In her speech introducing the federal budget last week, Finance Minister Chrystia Freeland said it would be a “modern supply-side” budget, particularly when it comes to housing, however North Island-Powell River NDP MP Rachel Blaney said that that approach did not go far enough for people who are struggling to afford a home.
“What I’m hoping to see more of is non-market supply. We need to make sure that there’s housing that’s there for people to be able to afford,” Blaney said. “The province is faster at getting stuff done. Even if (the federal government) give(s) them some money and get them going… we are in a housing crisis, people are spending a lot of energy stressing out about losing their housing and having to find housing when there’s nothing. It’s not like we have stuff sitting there empty. We don’t.
“The government is not as responsive to regions like ours that are being heavily impacted.”
The term ‘Modern Supply-Side’ was coined by American Secretary of the Treasury Janet Yellen, who used it to describe the Biden administration’s economic policy. According to Reuters, it refers specifically to investing in the labour supply, meaning people.
To Freeland, “increasing supply is fundamental to growth, but takes a people-centred approach.”
Freeland continued, saying that there was “too much demand chasing too little supply.”
Freeland’s supply-side housing budget measures included stopping foreign investments in the housing supply, creating a non-taxable savings account for prospective home buyers, where people can invest up to $40,000 for their down payments.
The savings account as outlined in the budget would be a good step for some, Blaney said, but it also leaves many people who are struggling to even afford rent out of options.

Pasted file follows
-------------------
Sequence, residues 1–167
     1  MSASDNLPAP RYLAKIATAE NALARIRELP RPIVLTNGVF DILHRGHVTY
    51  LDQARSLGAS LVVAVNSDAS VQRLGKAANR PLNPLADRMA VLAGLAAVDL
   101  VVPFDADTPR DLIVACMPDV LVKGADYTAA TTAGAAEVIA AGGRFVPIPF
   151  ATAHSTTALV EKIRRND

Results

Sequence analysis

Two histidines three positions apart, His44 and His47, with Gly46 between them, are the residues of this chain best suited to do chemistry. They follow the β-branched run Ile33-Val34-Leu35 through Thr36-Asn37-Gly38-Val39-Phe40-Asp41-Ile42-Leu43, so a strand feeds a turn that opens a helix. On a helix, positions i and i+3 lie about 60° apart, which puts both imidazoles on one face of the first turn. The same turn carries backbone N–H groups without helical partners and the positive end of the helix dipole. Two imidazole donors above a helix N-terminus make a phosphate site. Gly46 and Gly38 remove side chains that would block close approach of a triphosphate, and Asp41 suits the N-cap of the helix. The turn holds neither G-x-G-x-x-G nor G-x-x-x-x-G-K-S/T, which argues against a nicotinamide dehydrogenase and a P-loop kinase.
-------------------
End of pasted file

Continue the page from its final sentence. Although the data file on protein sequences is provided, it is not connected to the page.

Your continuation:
“The cost of housing is now so high that it’s very hard to get to that place. It’ll work for some people, but not everyone, and it deosn’t address the key issue of making sure that people have somewhere affordable to live,” she said. “Building that up, the resources to have that, takes time. If you have to live in a place where you’re paying all of your pennies into housing it’s hard to get there.”
The budget also involved ensuring there was more money for construction projects, which would increase the supply to meet the demand. However, Blaney said that speeding construction might not be enough to meet the critical nature of the issue.
“One of the things I’ve seen and heard form others is there’s a lot of people moving to our riding to live,” she said. “Rental units are getting sold because you can sell at such a high return on your investment, which means a very negative trickle down. They have their rapid program on housing, but they’re still not getting that rural and remote communities are hurting.
“If you cannot live there and find a place to live, you can’t move there for the jobs that are waiting. it is frustrating, it is slow,” she said.
One of Blaney’s solutions would be to enshrine the right to housing in the Canadian Bill of Rights, “so that people can make a human rights complaint.
“Governments pay attention to what they get in trouble for,” she said.”For the past 30 years, nobody has been paying attention. None of the funding has gone to any kind of supportive housing, co-op housing, non-market housing. When that happens, the neglect just builds and builds until we hit a crisis point like this and now we’re so far behind it means Canadians are struggling because they can’t catch up.”